Our pastor’s preaching through Acts, and yesterday’s message centered on the front of Acts 6, when the Hellenistic widows complain about the distribution of the foodstuffs.

That issue, the decision by the apostles, and how they carried out that decision are all useful ministry notes. But it’s also important to note the complaint: “a complaint by the Hellenists arose against the Hebrews because their widows were being neglected in the daily distribution” (Acts 6:1 ESV). Even in the earliest versions of the Church, somebody felt short-changed, underserved, discriminated against.

I appreciate that the apostles didn’t take it lightly, shrug it off, or cry, “Negative interpretation!” In fact, they called a big ol’ meeting and did something about it (even though we never find out whether the perceived affront was, in fact, grounded in fact).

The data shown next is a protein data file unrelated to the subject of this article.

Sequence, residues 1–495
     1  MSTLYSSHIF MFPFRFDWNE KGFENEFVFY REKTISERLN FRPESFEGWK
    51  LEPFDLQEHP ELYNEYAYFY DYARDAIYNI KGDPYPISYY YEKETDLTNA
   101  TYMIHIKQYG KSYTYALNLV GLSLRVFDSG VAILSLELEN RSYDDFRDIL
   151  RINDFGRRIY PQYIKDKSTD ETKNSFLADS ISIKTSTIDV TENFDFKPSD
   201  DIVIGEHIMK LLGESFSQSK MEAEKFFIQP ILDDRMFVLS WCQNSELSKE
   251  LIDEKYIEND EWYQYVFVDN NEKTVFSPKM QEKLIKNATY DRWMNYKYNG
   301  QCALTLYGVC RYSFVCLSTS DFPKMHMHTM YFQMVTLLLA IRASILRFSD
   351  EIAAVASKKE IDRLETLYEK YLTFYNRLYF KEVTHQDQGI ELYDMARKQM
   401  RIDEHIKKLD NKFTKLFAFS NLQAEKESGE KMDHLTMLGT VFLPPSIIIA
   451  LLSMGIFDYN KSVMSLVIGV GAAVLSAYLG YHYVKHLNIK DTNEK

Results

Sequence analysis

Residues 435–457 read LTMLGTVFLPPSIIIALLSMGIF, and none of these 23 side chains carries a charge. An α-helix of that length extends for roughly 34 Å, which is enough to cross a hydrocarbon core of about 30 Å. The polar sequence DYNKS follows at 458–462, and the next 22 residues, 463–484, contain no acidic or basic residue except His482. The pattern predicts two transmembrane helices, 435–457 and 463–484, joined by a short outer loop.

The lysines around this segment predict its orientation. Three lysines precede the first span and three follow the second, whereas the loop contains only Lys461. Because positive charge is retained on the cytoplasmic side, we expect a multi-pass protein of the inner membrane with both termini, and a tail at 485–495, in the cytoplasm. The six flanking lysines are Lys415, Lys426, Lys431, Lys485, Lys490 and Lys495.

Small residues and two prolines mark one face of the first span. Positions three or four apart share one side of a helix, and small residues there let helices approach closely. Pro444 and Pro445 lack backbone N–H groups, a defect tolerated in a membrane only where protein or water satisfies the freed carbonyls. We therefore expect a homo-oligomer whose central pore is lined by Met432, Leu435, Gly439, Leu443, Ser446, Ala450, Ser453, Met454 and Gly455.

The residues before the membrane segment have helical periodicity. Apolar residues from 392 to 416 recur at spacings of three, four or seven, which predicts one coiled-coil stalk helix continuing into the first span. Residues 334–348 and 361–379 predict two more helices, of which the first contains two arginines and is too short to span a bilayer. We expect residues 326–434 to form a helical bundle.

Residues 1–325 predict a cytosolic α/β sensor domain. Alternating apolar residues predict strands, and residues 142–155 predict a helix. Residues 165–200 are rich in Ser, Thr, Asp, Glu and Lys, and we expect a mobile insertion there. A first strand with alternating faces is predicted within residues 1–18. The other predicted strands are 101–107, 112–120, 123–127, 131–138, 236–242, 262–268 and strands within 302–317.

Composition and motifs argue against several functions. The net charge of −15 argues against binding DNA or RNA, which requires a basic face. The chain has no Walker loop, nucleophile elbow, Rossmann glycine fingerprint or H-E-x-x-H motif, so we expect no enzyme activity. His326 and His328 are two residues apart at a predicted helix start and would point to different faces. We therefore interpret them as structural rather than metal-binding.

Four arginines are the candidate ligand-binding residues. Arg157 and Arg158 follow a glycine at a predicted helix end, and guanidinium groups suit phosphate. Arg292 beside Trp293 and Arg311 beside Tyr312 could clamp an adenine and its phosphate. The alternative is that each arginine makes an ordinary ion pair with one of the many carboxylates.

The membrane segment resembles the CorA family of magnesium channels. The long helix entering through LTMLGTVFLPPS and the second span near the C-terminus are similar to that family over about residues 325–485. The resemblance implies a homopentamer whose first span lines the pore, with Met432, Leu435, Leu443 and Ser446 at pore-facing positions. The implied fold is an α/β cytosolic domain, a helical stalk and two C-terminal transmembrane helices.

Leading to this question, for college ministers: Who in your ministry might be feeling underserved?

This isn’t as easy to answer as we’d like for it to be. Not only are those we’re discriminating against – or who feel discriminated against – very often unknown, some of those who do publicize this concern are clearly off-base via oversensitivity or, yes, negative interpretation.

But Christian leaders of all stripes often move too quickly to dismissal of such concerns. We should be willing at least to hear – and often to act – even in those cases where the affront is only “felt.” Let alone cases where someone really is overlooked!

In a college ministry of any size, it’s likely someone is feeling left-out, let-down, or belittled. Maybe it’s the introverts, those new to campus, those new to the ministry, the transfer students, those of a unique ethnicity, seniors who aren’t “fresh blood” or are soon to graduate, and on and on. Only you can know your ministry… but do you know your ministry in this way? Do you know who feels like those widows did? And what could/should/will you do about it?